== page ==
Upward trending since the beginning of Usenet, text based messaging has now eclipsed even the phone itself as to become the most frequent form of communication among US teenagers. Even more surprising is that girls send more than twice as many messages as boys, according to a new study.
The study by the Pew Research Center’s Internet & American Life Project and the University of Michigan released Tuesday found that the average adolescent sends or receives 50 or more messages a day, or 1,500 texts per month, and one in three send more than 100 texts a day, or more than 3,000 texts a month. Much to the dismay of Gov. Arnold Schwarzenegger, daily text messaging among American teens has shot up in the past 18 months, from 38% of teen’s texting friends daily in February of 2008 to 54% of teens texting daily in September 2009. Texting has gotten so prolific; there are even competitions now to see who can text the fastest: the LG Mobile Worldcup. This should not come as a big surprise if you simply look at the amount of communication on many throughout history on Usenet newsgroups.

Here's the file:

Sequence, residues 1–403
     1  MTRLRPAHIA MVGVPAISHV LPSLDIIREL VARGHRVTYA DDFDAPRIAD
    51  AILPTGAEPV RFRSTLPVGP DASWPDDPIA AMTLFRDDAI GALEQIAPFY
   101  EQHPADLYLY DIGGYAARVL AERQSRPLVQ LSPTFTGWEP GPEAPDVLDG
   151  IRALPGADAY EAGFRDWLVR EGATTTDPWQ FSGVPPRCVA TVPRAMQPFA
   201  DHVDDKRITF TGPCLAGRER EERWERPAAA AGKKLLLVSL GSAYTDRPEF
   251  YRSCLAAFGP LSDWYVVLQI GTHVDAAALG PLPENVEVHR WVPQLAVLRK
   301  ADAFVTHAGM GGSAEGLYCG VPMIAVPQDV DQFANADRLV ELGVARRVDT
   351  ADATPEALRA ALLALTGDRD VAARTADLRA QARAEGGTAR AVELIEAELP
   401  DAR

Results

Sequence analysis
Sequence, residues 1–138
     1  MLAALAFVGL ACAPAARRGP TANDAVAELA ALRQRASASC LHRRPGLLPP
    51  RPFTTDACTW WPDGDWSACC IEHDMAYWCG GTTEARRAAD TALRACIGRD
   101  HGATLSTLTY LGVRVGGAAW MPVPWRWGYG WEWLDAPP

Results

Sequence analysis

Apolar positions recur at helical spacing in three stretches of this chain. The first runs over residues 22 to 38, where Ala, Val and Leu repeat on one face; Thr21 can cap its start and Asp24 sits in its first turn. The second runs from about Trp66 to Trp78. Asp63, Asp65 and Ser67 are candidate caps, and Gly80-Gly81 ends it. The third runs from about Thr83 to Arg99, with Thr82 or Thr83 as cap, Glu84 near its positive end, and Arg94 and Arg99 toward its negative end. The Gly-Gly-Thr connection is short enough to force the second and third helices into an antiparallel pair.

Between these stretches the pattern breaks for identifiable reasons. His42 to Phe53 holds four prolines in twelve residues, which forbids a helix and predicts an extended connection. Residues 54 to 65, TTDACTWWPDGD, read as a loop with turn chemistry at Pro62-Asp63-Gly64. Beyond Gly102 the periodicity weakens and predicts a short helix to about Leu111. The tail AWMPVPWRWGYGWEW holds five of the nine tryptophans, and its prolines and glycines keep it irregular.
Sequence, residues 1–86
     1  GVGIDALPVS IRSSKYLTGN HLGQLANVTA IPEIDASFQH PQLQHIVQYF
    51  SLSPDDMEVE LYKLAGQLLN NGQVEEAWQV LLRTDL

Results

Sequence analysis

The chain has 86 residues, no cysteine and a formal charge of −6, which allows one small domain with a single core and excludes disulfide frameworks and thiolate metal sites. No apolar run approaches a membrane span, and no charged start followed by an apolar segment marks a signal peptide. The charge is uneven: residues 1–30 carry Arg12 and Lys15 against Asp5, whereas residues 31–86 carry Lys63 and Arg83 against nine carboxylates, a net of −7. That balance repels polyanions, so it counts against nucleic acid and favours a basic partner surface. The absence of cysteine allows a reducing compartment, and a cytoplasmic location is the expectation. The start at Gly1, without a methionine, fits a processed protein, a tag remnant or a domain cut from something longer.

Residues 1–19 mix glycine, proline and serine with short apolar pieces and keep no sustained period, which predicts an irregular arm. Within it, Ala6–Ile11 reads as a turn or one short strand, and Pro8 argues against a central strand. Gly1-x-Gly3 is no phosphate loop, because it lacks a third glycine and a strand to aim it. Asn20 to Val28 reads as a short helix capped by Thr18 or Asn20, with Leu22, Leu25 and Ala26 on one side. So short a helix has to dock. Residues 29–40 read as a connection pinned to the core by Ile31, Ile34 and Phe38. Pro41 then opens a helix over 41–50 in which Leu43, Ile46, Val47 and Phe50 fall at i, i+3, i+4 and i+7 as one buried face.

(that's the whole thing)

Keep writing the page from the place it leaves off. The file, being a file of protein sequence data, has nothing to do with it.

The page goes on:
However, although 71 percent of parents with teenagers aged 12 to 17 years old say they know how to and do text, kids still perceive their elders as being out of the texting loop.
Although some of the popularity of texting can be chalked up to generational trends, teens interviewed in the Pew study also cited practical and economic reasons for their enthusiasm. With some of the same initial draws to subscribing to and sharing on newsgroups, texting is quieter and easier than a phone call for brief messages, and many teenagers are on cellphone plans that limit minutes for calls but that allows unlimited texts.